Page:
National Ferry CompanyCall Center & Passenger Boarding Office (Sultan Qaboos Port, Mutrah), +968 2449 5453 (office), toll-free: +968 800 72 000 (reservations)fax: +968 2449 3910, e-mail:. Su-Th 07:30-15:30 (office). Ferries arrive weekly from Khasab to the main port in Mutrah, departing every Saturday at 11:30 and arriving five hours later. Ferries departing from Mutrah leave every Thursday at noon. All ferries have free Wi-Fi, with lunch, snacks and beverages included in the ticket price. You should get your ferry ticket in advance to ensure your place on the boat. One way: 45/23 OMR (business/tourist class), return: 85/44 OMR (business/tourist class).

Transportation - Get Around

Transportation - Get Around

By taxi

Maxi taxis (minibuses, known throughout the expat community as baisa buses) ply the highway from Seeb to the Corniche area. The charge is OMR0.100 (100 Bzs) from the Corniche area to the church roundabout and another 100 Bzs from the church round about to Wadi Adai.

On arrival at the airport, situated approximately 40km from the main Muscat CBD, you can get a baisa bus down the main highway in either direction.

The (mostly orange and white) taxis are a bit pricier, and they hang around the hotels where they get juicy fares from unwary travellers. They will charge OMR8 for an airport trip if you don't haggle, but you should be able to agree OMR5. They always say they will give you "good price", but it's best to figure out what you want to spend then agree before you get in.

The Maxi Taxis ply the main routes through town, and they go where they want so you might have to find one going your direction. Once you are on one, they will make sure you get there. The place to wait for them is on the on-ramps of most of the main highway junctions, when you'll usually see a few people waiting around for one. A journey within the Muscat area should not cost more than OMR0.300 each, but if you look like an experienced traveller and hand them OMR0.200 then you can usually get away with that.

Transportation - Get Around

By car

For visitors staying in Muscat for longer than a day, renting a car provides the most flexibility and is far more economical than using taxis, as one taxi ride from Ghubrah to Muscat and back will cost about the same as hiring a car for one day. A 2WD is fine to see the sights within and around Muscat, but if you're planning to explore wadis and mountains you'll need a 4WD.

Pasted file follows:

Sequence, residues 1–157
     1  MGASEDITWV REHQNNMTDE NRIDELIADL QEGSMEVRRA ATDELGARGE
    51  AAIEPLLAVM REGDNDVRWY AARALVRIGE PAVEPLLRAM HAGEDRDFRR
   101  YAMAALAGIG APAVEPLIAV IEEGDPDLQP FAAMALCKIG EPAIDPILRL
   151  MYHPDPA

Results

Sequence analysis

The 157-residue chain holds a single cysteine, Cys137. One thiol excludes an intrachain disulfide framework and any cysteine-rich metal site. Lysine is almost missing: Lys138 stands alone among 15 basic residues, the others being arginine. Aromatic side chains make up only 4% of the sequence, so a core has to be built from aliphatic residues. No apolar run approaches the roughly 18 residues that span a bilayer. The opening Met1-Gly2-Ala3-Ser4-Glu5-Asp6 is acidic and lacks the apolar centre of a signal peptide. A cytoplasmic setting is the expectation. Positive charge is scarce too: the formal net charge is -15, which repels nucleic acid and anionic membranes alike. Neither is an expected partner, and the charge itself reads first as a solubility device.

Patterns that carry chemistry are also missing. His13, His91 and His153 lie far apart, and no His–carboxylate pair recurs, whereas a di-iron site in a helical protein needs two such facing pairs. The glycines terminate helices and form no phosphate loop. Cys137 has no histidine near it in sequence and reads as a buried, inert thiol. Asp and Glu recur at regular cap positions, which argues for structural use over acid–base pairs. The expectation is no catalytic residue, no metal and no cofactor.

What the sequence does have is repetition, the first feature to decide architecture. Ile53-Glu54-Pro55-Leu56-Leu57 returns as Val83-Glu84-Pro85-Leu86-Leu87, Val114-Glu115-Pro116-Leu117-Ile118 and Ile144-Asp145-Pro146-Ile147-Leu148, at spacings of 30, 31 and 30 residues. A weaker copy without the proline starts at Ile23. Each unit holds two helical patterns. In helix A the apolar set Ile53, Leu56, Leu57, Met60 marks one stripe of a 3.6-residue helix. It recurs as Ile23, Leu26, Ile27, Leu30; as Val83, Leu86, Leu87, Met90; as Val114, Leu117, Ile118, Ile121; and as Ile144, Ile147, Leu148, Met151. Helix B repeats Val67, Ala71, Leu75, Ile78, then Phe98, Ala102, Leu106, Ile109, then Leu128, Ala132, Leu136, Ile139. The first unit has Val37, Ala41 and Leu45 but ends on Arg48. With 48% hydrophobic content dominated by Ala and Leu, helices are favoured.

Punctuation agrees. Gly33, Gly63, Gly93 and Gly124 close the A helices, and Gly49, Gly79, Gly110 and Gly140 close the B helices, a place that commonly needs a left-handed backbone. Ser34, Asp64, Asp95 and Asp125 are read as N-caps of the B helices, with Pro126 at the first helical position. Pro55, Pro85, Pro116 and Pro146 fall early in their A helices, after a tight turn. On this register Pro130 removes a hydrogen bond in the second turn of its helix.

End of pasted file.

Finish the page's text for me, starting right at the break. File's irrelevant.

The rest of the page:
Road signs in Muscat can be confusing, and motorway exits are not always clearly marked. Compared with elsewhere in the Gulf (e.g. Dubai and Doha) Muscat drivers are reasonably disciplined, but visitors from outside the region may find the local driving style erratic. For a gentler introduction into Muscat traffic it may be easier to take a taxi (or hotel-provided shuttle) from the airport, and arrange for a rental car through your accommodation – rates are usually the same as if not better than at the airport.

Most local and international rental agencies have offices at the airport. An international driver's permit is theoretically required to rent a car, but usually agents will request only your national licence. All car hires include mandatory insurance. The cheapest car hire is about OMR15 per day for a 2WD economy car with manual transmission and sometimes no air-conditioning; for a 4WD, expect to pay double that amount.

  • ABC,  +968 24 582663. A local agency.
  • Al Maskry Rent-a-Car,  +968 99438661, +968 99381524, e-mail:. A well-established local agency.
  • Avis Oman,  +968 24 510342 (airport), +968 24 400888 (city)
  • Budget Oman,  +968 24 683999fax: +968 24 683966, e-mail:.
  • Europcar,  +968 24 521369 (airport), +968 24 521369 (city)
  • Hertz,  +968 24 521187 (airport), +968 24 625200 (city).
  • National,  +968 24 521369 (airport), +968 24 601081 (city)
  • Sixt,  +968 24 510224 (airport), +968 24 482793 (city).
  • Thrifty,  +968 24 521189 (airport), +968 23 211493 (city).
  • Nomad Tours+968 9549 5240 (airport), +968 9549 5242(city), e-mail:







On private beaches western swimwear is acceptable. On public beaches, however, visitors should be mindful of Omani conservative norms. Women are advised to stick with one-piece suits, and men should opt for longer swimming shorts (not speedos); keep shoulders and knees covered unless you are actually on the beach. Women may find a parasol helpful to hide from prying eyes.

Beaches with a sign 'Family Beach' are closed to single or bachelor men.